Sobibor: Free at Last

By
More by this author
July 30th 1943



Finally we got off the trains. I had no water or food. It was packed very tightly with people, so tight I could barely move. As the train slowed down so did the talking on the train. No one knew what was to come. I was so nervous, like many on the train. We gathered all of our luggage and gave it to strangers who said we would get it back. “Tell them you have a trade,” another Jew working for the Nazis told me. All I could do was nod. I was so afraid I could barely speak. As I walked to the field with the Germans yelling at us I saw a baby shot. Shot. I could not believe my eyes, what kind of monster would do that? I almost started to cry but remembered what my father, the only family member left I knew who was alive, had said. He told me never to cry or show any pain in front of the Nazis. One of the few ways to resist.

The Germans pushed us all with their guns. “Filthy Jews,” they said. They didn’t touch us with their hands. I did not know what to do. I was without a family and had nothing. They told us women and children to the left and men to the right. I stepped to the left afraid to do anything that would get me noticed. I could end up like that baby. The Nazis told us if we worked we would be fine. They asked, “Who is a seamstress?” Remembering what the man told me I spoke up. “I am”
“What is your age?” the German replied.
“17, sir”
“Good…step forward”
I took a step forward. Everything was so blurry. I had a million questions. Why am I here? What did I do wrong? Will I be killed? Can I escape? Where is my family? A German interrupted my thoughts with a gun to my head. “Move Jew!” he said, “the other seamstresses have left, keep up!” He pulled his gun away and I ran after the men and women with trades, the others went away. Where am I?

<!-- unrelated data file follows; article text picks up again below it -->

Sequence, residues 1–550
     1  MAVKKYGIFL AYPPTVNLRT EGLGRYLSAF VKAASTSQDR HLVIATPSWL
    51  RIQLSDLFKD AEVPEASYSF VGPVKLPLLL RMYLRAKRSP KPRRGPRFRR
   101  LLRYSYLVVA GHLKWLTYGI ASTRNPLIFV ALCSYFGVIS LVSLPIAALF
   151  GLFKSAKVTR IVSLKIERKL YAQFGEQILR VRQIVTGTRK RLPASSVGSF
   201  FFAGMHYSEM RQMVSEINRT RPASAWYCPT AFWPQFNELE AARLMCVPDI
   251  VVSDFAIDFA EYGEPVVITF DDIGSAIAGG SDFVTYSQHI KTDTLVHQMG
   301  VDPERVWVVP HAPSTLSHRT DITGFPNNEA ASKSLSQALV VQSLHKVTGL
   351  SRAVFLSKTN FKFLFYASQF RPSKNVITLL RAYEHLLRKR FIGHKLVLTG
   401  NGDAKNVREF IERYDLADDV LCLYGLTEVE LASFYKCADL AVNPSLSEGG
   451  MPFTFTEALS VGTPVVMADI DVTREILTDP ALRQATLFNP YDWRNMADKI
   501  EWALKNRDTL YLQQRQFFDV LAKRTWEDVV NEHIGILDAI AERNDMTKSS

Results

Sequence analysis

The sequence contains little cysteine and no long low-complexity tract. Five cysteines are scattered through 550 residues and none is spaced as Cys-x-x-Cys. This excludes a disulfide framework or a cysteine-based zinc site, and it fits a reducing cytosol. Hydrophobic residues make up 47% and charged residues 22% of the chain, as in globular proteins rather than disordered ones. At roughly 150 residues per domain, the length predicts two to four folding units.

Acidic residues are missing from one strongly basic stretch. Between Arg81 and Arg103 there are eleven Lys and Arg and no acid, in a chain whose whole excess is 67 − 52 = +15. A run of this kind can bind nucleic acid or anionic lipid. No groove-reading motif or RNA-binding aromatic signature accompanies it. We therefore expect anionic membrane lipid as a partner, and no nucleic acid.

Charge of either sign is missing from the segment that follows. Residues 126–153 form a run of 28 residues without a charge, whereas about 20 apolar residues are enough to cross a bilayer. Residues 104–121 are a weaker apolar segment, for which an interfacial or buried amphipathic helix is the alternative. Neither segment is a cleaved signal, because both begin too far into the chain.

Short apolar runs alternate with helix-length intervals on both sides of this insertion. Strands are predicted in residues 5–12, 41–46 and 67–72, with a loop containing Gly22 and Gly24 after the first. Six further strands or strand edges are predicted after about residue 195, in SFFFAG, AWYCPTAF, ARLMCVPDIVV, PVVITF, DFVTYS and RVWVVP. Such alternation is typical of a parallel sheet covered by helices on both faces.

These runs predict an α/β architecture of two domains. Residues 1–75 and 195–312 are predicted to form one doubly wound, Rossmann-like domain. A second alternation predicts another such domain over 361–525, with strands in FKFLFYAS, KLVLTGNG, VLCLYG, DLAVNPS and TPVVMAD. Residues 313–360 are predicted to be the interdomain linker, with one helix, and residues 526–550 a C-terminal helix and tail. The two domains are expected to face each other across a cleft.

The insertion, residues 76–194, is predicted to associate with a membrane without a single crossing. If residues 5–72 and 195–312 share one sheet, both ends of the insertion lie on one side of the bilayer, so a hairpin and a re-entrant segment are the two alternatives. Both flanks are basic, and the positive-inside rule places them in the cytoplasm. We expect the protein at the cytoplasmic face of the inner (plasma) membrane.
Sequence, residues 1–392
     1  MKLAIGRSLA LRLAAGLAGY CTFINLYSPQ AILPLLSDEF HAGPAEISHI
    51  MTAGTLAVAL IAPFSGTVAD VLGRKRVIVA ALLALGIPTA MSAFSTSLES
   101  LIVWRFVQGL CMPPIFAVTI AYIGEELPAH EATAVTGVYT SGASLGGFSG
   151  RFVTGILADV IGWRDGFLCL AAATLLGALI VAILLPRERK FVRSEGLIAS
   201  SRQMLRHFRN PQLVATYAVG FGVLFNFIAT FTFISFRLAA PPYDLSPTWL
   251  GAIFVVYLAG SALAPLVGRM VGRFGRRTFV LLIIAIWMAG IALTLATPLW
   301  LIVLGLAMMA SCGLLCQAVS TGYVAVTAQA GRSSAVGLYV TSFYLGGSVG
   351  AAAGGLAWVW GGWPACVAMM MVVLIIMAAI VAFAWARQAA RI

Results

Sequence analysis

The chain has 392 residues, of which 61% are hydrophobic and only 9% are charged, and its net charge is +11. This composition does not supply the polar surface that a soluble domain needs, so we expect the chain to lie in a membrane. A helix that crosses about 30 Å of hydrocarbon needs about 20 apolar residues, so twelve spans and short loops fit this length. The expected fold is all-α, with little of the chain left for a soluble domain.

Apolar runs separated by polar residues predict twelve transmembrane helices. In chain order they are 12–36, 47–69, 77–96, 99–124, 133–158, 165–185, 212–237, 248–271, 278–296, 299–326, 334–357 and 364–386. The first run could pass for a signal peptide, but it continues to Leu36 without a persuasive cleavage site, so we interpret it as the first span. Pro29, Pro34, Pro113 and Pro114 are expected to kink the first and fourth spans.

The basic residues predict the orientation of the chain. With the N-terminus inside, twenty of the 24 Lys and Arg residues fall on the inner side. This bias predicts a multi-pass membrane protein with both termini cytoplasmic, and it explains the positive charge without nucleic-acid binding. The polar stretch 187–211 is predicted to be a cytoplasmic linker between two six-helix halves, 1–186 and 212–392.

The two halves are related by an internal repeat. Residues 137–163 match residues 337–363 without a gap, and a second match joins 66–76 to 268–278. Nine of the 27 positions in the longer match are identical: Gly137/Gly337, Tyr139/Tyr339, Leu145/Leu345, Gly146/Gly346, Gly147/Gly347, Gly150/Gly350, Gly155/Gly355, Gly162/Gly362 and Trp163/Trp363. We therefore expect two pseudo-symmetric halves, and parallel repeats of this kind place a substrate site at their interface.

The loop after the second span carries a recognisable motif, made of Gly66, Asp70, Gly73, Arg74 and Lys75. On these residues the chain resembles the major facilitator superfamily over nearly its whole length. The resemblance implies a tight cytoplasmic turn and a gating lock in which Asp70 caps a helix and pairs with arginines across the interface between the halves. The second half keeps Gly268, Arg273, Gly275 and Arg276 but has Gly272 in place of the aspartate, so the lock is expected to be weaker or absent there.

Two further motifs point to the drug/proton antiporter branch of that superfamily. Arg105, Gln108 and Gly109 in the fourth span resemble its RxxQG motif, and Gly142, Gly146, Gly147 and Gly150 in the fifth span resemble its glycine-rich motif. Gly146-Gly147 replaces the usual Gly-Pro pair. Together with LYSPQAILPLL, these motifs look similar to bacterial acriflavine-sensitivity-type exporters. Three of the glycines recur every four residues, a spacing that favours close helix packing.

August 29th, 1943


As I woke up I heard the bell. The Germans started to yell. It was time for the morning role call. I got up out of my small wood cell I shared with a friend and walked quickly to the field. There were 5 men standing next to the Nazis. Why are they there? I asked myself. Maybe they were being set free! Maybe all of us were! “These men tried to escape last night! For this, they are being punished!” the Nazi said. Then I saw the place were they hang people. I was wrong. They were going to kill them. I can’t watch, I told myself. They pushed the escapers to their death. I heard cries and tears, people saying good-bye to their loved ones. “Remember, this camp is in the middle of no where so do not try to escape,” the Nazi yelled, “Go to work!”

We got breakfast, the usual watery soup and stale bread, and then went to our workstations. I went to the sewing room and continued sewing endless uniforms for the German soldiers at war. I can’t do this. This place is terrible. When the Nazis said work to be fine they mean work to live. This place is killing us because of our religion. I have to get out. I cannot stay in Sobibor any longer if I want to live.

October 14, 1943


Today was the day we would escape. A few weeks ago my friend Chaim told me he heard but knew little of an escape plan. I asked Chaim’s friend, he told me the plan. We would have to kill all the SS soldiers to have any chance. We would tell all the soldiers at different time that they needed to try on shoes or coats. We would then kill them.

Today was the day. I was in charge of killing 1 SS soldier. Even though it was only 1, I still wanted to help. As I walked up to the Nazi I was so nervous. “Sir, your boots are finished, they are in the shed”
“Fine, I will try them on later,” the SS said.
“Now would be best, sir,” I replied.
He gave me a scowl and then marched to the boot shed. This is it, I thought to myself. He walked in and I sat him down and put the boots on. Chaim crept up behind him and stabbed him. He shouted the names of his family member for each stab. He was dead.

So far everything was going well until another SS officer did not go to the shed. This ruined everything, we would be caught. It was already 4 and role call had just been called. As I walked there I heard two other Jews yelling, “Run, everyman for himself!” I ran to the gate. The Nazi’s were shooting everywhere. I heard screams and guns. It was chaos. I was climbing over a barbed wire fence. My hands bleeding, my feet cut. I got over and had to run through the minefields. The person running next to me blew up into smoke. I saw dead people everywhere. I ran faster. Boom! More guns. I kept running. 10 feet away from the forest, 5, 4, 3, 2, 1! I was there! I was free at last!

We kept running for another 30 minutes, to afraid to stop. When we all couldn’t run anymore we stopped for camp. We all rested then saw who died. Many were upset, including myself. I lost one of my very close friends. Tears streamed down my face, yet I didn’t notice. I wasn’t crying because I lost my friend but tears of joy. I was finally free.





Post a Comment

Be the first to comment on this article!

bRealTime banner ad on the left side
Site Feedback